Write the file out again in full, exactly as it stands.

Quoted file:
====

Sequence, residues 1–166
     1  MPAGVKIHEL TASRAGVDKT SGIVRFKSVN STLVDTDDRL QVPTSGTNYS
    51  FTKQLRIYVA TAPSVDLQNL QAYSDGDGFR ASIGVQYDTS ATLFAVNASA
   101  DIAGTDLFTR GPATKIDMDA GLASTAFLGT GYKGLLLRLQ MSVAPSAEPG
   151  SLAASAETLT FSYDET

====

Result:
Sequence, residues 1–166
     1  MPAGVKIHEL TASRAGVDKT SGIVRFKSVN STLVDTDDRL QVPTSGTNYS
    51  FTKQLRIYVA TAPSVDLQNL QAYSDGDGFR ASIGVQYDTS ATLFAVNASA
   101  DIAGTDLFTR GPATKIDMDA GLASTAFLGT GYKGLLLRLQ MSVAPSAEPG
   151  SLAASAETLT FSYDET